This book is a cultural history of the nineteenth-century songster: pocket-sized anthologies of song texts, usually without musical notation. It examines the musical, social, commercial and aesthetic functions songsters served and the processes by which they were produced and disseminated, the repertory they included, and the singers, printers and entrepreneurs that both inspired their manufacture and facilitated their consumption. Taking an international perspective, chapters focus on songsters from Ireland, North America, Australia and Britain and the varied public and private contexts in which they were used and exploited in oral and print cultures.
1. The nineteenth-century songster: recovering a lost musical artefact Paul Watt, Derek B. Scott and Patrick Spedding; Part I. Production, Function and Commerce: 2. American secular songsters in the nineteenth century: an overview Norm Cohen; 3. The prefaces to songsters: the law, aesthetics, performers and performance Paul Watt; 4. The genesis of Thomas Moore's Irish Melodies, 1808-34 Sarah McCleave; Part II. Politics: 5. The US Presidential campaign songster, 1840-1900 Derek B. Scott; 6. Friendship, cosmopolitan connections and late Victorian socialist songbook culture Kate Bowan; 7. 'Confound their politics': the political uses of God Save the King-Queen Paul Pickering; 8. Charles Robert Thatcher's songsters: politics on the goldfields of Victoria, Australia Mark Pinner; Part III. Nation, Place and Purpose: 9. Rethinking the songster and national-cosmopolitan identity in Lowland Scotland, c.1787-1830 Andrew Greenwood; 10. The blackface songster in Britain Michael Pickering; 11. Popular songsters and the British military: the case of The Girl I Left Behind Me Anthea Skinner; 12. Australian songsters and the Australian folk song movement Graeme Smith.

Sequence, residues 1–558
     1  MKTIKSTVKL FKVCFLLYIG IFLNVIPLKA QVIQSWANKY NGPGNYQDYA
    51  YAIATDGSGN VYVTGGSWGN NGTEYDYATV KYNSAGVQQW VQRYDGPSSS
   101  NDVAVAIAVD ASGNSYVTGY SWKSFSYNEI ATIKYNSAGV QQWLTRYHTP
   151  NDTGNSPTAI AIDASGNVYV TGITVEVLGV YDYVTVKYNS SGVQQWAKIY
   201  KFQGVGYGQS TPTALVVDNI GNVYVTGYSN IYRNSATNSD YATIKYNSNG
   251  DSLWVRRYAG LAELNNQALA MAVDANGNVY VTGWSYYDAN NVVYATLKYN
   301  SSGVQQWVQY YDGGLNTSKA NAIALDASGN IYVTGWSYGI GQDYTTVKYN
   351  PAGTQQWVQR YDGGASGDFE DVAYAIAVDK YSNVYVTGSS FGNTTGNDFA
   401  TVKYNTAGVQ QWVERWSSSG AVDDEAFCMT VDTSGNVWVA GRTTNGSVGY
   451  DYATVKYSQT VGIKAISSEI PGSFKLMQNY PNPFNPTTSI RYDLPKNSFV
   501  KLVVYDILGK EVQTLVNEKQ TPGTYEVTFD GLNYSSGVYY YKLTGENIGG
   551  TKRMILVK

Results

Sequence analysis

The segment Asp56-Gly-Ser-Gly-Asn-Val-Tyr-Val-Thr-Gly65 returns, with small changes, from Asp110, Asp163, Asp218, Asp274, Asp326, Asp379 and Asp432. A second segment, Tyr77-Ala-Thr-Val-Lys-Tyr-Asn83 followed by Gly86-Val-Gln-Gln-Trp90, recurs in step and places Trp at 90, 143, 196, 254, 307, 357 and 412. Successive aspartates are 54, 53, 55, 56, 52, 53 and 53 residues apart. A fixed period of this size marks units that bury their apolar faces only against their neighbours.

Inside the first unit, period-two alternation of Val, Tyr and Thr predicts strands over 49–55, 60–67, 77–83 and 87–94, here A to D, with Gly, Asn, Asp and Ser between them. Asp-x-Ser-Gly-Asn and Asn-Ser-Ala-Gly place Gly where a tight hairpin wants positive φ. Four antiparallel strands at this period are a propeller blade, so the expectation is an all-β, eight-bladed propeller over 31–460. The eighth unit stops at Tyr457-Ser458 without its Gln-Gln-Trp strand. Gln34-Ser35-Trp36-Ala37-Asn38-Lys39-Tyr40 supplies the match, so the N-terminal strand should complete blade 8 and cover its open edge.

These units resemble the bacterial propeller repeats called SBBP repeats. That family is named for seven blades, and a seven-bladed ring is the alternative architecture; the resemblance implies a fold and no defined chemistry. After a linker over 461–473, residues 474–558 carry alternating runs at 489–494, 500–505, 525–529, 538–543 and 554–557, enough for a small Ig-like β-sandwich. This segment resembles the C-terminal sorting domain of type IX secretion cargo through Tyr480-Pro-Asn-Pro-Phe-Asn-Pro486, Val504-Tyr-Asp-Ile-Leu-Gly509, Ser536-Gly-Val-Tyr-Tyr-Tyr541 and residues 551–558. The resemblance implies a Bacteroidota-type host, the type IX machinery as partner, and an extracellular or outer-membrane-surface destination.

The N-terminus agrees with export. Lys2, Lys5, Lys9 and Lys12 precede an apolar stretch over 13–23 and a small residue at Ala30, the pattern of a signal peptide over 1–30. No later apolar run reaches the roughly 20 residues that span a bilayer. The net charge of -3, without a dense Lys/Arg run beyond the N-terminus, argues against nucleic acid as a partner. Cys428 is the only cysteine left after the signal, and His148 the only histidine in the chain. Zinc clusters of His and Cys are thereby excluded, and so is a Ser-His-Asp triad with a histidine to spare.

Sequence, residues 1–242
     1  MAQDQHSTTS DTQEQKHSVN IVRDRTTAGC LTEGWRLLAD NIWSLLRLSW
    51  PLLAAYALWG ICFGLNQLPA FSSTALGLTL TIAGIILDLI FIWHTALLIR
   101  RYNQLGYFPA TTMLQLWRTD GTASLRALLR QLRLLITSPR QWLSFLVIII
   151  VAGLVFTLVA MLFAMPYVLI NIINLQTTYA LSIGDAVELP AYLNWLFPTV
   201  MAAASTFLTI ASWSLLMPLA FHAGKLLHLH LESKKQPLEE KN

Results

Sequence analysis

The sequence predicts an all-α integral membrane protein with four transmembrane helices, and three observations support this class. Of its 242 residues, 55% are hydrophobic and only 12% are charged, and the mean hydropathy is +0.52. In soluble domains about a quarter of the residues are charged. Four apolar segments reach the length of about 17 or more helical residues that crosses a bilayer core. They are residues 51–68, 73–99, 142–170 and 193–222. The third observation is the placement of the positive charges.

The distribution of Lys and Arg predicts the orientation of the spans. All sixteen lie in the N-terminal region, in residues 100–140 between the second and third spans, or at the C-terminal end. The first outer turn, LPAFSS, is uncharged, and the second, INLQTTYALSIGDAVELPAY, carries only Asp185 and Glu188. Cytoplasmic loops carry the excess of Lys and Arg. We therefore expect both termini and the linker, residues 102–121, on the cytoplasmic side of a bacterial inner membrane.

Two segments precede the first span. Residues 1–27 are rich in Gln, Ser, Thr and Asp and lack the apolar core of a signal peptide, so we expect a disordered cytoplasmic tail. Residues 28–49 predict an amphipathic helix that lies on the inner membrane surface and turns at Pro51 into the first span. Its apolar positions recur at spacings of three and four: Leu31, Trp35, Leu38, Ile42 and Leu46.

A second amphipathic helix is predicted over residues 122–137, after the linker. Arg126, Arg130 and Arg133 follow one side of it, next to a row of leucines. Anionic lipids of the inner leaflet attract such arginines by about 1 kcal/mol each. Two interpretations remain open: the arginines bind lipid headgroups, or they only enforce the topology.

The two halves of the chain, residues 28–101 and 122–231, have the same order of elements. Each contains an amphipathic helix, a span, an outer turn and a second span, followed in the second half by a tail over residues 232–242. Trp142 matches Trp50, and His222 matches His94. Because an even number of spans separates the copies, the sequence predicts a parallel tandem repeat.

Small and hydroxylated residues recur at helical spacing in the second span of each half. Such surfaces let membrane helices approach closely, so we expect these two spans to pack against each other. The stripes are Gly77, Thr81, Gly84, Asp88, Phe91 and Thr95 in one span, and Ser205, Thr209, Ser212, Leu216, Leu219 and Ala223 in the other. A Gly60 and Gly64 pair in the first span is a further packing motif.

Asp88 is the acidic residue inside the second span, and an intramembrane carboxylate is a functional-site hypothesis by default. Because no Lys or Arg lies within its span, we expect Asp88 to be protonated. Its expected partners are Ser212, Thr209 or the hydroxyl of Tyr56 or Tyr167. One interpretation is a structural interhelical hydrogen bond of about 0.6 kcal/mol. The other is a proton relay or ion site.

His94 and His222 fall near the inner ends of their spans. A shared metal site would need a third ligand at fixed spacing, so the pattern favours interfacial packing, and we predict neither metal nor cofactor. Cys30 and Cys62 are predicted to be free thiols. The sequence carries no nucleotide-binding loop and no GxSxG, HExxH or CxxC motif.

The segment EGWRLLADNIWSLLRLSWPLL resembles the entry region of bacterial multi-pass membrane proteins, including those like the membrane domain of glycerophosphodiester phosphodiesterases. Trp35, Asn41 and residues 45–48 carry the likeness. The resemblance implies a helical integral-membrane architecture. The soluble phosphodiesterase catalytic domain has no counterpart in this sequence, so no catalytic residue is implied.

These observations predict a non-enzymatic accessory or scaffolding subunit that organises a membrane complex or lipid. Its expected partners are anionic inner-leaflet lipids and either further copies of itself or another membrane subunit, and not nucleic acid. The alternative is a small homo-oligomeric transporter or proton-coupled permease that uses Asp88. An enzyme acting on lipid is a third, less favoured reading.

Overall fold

Tertiary; University or College
Number Of Pages: 264
Published: 23rd March 2017
Publisher: Cambridge University Press
Country of Publication: GB
Dimensions (cm): 24.7 x 17.4
Weight (kg): 0.69